Address trooper shortage

There are about 500 trooper vacancies within the Pennsylvania State Police, and Gov. Tom Wolf is a big part of the reason why that situation exists.

He continues to reject filling all of the vacancies, although he reportedly has authorized hirings for 200 of them.

But Wolf isn’t the only one who can be adjudged as culprit in the state police staffing crunch. The Legislature is as much — if not more — responsible for the scenario of shorthandedness that limits the work and visibility of the statewide law-enforcement department.

The governor can’t push ahead if there isn’t the money available to do so, and the Legislature, for longer than Wolf has been in office, has been able to muster neither the ability nor courage to plant the necessary “seeds” for sufficient recurring revenue to fund day-to-day needs and, beyond that, needs such as what the state police demonstrate.

Already three months into the 2017-18 state fiscal year, the Legislature remains deadlocked regarding its responsibility to fully fund this year’s budget that calls for $32 billion in spending.

Actually, the Legislature never tied up all of the funding “loose ends” that were necessary for keeping the 2016-17 budget out of the red.

Last year’s budget failures and the current funding-action stalemate, coupled with Harrisburg’s long-running penchant for spending more money than it’s taking in, show why Pennsylvania has a $2 billion-plus fiscal shortfall that conceivably could become much larger if lawmakers continue making inadequate decisions and choices.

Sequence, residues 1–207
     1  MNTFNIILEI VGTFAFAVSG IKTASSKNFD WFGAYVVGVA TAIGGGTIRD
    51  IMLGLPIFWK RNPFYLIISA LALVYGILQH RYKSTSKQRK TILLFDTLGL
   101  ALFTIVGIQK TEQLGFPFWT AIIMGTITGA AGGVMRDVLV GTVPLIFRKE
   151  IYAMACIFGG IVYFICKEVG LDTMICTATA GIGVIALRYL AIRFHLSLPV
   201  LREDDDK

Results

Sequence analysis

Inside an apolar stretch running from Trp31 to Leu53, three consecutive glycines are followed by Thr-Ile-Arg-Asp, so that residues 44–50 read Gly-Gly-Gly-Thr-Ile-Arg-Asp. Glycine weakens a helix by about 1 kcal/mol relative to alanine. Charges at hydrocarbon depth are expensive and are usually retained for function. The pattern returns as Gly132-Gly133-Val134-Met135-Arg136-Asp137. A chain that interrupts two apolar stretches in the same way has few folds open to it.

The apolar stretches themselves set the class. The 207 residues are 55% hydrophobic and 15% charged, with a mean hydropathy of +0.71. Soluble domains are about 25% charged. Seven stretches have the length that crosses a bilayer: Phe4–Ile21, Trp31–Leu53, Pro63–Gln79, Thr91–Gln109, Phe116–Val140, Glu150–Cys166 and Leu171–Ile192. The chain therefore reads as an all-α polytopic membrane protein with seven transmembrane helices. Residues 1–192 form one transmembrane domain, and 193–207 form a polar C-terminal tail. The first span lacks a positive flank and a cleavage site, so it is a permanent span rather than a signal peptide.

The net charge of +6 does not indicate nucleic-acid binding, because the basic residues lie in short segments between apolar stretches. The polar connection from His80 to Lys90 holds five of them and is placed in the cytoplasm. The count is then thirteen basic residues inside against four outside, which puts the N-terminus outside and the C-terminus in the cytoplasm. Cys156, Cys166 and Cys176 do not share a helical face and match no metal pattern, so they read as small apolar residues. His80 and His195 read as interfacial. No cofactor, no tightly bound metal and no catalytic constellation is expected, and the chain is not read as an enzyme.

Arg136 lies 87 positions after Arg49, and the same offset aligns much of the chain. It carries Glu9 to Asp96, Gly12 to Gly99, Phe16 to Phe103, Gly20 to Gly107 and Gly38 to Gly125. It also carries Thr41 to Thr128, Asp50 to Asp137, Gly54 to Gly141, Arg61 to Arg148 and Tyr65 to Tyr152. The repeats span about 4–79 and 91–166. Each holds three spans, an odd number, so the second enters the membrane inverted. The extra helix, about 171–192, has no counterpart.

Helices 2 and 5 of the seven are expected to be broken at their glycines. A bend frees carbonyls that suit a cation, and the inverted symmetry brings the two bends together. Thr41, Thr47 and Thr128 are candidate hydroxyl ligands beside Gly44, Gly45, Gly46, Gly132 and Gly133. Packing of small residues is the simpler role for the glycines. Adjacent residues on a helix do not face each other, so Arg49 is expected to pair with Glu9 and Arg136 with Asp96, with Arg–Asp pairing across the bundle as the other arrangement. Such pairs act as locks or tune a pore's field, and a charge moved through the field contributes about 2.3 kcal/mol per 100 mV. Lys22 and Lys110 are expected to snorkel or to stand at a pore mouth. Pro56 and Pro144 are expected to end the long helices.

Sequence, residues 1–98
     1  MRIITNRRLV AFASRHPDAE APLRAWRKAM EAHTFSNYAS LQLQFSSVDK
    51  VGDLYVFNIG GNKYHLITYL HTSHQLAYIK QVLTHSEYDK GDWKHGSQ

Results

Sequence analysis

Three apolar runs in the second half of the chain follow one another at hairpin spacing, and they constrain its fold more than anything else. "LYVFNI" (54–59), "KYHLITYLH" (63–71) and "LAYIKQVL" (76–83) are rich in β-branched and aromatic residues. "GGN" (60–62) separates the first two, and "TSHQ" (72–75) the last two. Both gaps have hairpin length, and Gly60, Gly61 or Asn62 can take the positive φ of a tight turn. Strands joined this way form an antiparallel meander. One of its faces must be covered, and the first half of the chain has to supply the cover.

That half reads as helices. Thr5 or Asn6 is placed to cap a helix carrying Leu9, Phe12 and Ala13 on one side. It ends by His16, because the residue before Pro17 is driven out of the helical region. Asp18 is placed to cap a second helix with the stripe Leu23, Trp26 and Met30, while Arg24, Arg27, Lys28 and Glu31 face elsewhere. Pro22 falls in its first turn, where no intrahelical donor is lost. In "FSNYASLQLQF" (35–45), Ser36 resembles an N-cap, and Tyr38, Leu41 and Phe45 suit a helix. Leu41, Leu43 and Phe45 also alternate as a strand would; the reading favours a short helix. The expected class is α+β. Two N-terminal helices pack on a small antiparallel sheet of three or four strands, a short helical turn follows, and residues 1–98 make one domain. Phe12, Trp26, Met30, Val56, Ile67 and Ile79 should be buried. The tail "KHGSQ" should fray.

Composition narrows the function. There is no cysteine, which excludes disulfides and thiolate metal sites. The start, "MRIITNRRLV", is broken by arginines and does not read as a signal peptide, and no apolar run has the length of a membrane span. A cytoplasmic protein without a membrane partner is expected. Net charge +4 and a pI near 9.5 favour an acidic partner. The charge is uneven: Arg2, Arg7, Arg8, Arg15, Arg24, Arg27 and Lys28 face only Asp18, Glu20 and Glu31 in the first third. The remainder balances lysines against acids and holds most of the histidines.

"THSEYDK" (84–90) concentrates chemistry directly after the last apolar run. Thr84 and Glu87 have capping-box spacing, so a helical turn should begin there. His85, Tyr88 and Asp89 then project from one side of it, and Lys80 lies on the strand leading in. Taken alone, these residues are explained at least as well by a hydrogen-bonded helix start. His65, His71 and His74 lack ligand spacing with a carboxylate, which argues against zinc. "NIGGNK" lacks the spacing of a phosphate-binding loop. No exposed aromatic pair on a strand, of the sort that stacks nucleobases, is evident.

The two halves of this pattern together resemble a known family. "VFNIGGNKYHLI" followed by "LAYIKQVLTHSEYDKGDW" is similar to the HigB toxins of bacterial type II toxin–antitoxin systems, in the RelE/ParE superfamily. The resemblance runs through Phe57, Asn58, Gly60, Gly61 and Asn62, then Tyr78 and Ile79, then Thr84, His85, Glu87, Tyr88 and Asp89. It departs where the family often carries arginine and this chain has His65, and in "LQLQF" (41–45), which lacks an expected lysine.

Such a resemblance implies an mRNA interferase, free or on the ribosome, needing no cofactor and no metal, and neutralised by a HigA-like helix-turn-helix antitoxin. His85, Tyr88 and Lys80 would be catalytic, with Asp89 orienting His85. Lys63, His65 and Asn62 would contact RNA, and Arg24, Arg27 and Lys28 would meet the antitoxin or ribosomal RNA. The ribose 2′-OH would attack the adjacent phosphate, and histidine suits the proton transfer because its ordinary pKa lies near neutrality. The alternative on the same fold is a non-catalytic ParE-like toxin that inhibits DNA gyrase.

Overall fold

All considered, don’t look for full state police staffing anytime soon, especially since the state government’s budget-preparation errors are being tolerated by state residents strongly opposed to any tax increases.

Nevertheless, some of those same people who oppose paying any more in taxes or fees aren’t hesitant to express concern about what they perceive as inadequate state police patrols in their areas.

The way Pennsylvania state government currently is operating wasn’t the central topic at a meeting held in Antis Township on Sept. 7, but the reasons for sometimes-anemic state police presence in the municipality did take center stage, with state police Sgt. Zigmund P. Jendrzejewski present for the discussion.

Jendrzejewski said only one trooper is assigned to Antis Township and, in addition to that municipality, that trooper also is assigned to patrol neighboring Snyder and Tyrone townships.

“The long and short of it is we are spread pretty thin,” Jendrzejewski was quoted as saying in a Mirror article published Sept. 10.

Jendrzejewski placed the blame for the staffing problems mostly on the governor and, indeed, the governor must shoulder an ample portion of the blame. However, the sergeant should have stacked appropriate blame on the state House and Senate, as well.

The state police and those whom they serve are being victimized by both the executive and legislative branches of the state government, and more state residents should be recognizing and acknowledging that fact.

State Sen. Randy Vulakovich, R-Allegheny, a former police officer, hopes that once the current budget mess is resolved, the Legislature will resume work toward allowing municipal police to use radar for speed enforcement.

But as appropriate as Vulakovich’s effort is — fears about it pale against the potential benefits — filling more state police vacancies must be regarded as the higher priority.

Unfortunately, pessimism regarding that outcome can’t be regarded as lacking sound basis.

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